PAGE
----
As this hypnotic dance unfolds, the machine head dispenses the tape simultaneously from 20 large spools that resemble movie reels, covering a 30-inch-wide swath with each pass.
The only sound is the light ticking of pneumatic actuators as the head shifts to lay the tape down at another angle or ends a pass and cuts the tape off at the correct length.
The wing-spar AFP machine’s half-ton robotic head lays down thinner, half-inch strips of carbon-fiber tape from 16 large bobbins that allow the tape to shift as needed when the head zips over the edge of the spar with nary a pause.
Each wing has front and rear spars, long curved structural beams along the leading and trailing edges.
(The 777X wing’s 11-foot folding wingtip is a separate structure, which will be built by Boeing in St. Louis and sent to Everett for assembly.)
The machine can lay down a full lengthwise layer along the spar in approximately 10 minutes. Dispensing another layer with strips traversing the spar at an angle can be done in about 25 minutes.
Once the AFP machines are up and running to produce wing parts, Boeing will operate them continuously for as much of the day or night as needed to support its production rate.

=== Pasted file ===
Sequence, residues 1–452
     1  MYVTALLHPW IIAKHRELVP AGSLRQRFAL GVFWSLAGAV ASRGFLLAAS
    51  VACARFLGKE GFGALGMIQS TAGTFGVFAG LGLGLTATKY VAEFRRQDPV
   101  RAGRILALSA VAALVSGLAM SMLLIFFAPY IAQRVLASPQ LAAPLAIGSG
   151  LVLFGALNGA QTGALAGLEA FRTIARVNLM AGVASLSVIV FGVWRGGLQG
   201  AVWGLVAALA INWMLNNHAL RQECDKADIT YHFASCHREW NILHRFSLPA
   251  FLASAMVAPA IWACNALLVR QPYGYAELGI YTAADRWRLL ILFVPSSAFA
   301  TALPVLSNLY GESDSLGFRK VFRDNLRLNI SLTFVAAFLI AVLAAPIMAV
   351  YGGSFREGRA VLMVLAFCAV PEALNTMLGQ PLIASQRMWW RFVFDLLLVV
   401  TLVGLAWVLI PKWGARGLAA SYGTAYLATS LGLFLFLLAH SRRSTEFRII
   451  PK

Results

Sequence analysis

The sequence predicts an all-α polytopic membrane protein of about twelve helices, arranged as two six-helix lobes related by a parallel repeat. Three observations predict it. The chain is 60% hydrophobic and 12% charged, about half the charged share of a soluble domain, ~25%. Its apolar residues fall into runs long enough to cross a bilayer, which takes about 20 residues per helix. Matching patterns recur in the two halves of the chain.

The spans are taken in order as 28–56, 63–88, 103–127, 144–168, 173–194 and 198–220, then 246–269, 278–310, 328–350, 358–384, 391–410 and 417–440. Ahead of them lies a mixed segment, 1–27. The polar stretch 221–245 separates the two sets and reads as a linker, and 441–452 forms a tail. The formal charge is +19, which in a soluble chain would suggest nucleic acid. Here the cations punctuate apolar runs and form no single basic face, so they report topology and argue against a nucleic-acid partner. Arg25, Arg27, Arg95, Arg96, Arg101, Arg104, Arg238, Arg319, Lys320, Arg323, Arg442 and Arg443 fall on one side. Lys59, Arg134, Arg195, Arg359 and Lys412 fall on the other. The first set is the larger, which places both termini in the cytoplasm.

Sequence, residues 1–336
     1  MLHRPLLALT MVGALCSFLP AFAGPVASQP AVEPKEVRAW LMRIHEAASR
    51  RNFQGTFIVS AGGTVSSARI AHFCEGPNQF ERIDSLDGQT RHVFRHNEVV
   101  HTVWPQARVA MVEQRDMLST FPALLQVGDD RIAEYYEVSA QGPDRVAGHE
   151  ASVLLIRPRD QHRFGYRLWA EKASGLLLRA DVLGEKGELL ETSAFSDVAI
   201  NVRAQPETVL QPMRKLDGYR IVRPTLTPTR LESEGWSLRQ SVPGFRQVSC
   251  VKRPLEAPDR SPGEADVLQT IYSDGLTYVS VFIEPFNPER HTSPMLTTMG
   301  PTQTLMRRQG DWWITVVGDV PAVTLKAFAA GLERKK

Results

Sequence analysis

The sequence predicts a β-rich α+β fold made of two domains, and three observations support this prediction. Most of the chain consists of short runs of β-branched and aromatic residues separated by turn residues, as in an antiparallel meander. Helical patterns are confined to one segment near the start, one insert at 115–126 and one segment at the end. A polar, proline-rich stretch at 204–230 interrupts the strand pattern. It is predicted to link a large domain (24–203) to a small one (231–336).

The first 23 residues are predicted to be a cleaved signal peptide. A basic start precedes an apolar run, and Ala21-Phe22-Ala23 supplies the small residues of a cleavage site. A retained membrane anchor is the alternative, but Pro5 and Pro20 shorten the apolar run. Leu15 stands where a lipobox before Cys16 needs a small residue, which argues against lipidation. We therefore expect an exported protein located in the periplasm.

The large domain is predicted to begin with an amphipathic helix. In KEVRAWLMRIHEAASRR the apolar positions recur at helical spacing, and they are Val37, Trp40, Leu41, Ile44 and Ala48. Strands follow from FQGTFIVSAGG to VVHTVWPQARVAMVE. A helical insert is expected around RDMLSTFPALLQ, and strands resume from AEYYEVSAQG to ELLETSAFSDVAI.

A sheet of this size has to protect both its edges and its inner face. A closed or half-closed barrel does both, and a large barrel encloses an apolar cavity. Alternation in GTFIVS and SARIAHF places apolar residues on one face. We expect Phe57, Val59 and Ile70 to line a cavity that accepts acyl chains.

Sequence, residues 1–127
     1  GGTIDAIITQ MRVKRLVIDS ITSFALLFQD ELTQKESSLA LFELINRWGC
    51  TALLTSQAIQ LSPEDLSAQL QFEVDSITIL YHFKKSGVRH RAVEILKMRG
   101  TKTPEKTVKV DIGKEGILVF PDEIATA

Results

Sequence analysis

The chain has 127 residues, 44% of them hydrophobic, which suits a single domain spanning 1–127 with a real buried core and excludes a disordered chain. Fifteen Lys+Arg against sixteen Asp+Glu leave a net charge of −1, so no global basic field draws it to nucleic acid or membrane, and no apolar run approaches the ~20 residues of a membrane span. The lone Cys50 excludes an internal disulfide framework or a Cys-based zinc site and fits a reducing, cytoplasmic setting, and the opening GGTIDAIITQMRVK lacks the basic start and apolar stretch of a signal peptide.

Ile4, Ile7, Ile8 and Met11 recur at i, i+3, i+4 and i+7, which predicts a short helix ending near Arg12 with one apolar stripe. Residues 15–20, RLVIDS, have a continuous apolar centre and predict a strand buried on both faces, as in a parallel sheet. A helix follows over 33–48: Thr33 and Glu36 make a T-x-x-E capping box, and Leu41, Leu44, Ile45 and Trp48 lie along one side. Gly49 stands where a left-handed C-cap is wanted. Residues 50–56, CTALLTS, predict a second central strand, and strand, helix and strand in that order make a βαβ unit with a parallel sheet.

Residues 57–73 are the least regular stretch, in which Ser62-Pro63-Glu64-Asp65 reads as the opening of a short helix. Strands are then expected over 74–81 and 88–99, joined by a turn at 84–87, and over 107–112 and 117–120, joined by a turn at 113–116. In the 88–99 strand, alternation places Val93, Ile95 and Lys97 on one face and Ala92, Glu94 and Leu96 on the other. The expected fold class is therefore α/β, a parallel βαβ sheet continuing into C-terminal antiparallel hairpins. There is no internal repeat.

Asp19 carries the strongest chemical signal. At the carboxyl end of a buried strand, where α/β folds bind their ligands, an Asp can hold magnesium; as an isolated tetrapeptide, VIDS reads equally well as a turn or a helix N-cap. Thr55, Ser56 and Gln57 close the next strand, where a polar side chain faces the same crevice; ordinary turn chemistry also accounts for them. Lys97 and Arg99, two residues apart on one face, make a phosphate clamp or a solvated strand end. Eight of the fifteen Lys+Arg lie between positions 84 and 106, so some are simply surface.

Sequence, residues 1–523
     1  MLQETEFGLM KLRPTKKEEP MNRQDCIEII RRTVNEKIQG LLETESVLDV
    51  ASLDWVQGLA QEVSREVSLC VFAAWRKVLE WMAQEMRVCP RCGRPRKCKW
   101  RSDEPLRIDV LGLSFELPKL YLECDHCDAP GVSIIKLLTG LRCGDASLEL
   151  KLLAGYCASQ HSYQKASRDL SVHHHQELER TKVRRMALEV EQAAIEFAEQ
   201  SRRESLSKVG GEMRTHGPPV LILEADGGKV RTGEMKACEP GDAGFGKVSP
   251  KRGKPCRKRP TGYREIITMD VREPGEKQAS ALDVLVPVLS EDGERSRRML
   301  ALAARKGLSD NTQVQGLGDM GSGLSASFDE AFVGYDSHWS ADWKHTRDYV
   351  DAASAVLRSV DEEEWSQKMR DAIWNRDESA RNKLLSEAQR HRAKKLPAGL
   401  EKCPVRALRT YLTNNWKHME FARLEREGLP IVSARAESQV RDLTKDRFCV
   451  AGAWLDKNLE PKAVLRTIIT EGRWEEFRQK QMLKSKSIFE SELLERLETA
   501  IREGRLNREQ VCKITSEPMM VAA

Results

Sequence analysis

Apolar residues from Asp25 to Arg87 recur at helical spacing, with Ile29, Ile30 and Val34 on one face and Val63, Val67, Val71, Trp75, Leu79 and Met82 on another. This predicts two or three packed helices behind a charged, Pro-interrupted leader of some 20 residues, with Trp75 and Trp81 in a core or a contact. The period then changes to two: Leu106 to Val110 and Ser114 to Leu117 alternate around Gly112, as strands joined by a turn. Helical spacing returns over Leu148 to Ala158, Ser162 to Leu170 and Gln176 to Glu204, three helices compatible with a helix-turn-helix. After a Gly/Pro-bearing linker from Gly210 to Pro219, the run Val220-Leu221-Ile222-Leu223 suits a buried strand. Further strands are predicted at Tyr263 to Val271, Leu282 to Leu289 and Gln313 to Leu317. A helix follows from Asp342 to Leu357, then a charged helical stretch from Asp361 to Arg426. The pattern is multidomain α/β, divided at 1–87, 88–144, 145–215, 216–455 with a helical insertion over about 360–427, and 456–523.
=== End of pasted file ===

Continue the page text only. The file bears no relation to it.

Downtime must be minimized.
On current AFP machines, minutely inspecting the parts for defects while the machine is stopped takes as much time as laying down the material.
Brock Jahner, 29, lead engineer on the wing-skin AFP head, said one piece of the “neat new technology we’ve been able to build in designing all this new hardware” is an integrated self-inspection system.
The machine takes measurements as the carbon-fiber strips are laid down and will alert the operators if a strip is missing or misaligned in any section.
Then lasers overhead will shine a green outline around the patch that requires attention, so the operators can quickly determine if they need to take off those plies and redo it.
Also to enhance productivity, Electroimpact has built a head-changing station beside the machine, so that when the spools of carbon-fiber tape have unwound completely, a fresh head is waiting and can be switched out for the old one in less than two minutes.
Electroimpact is already a world leader in drilling, fastening and automated assembly equipment.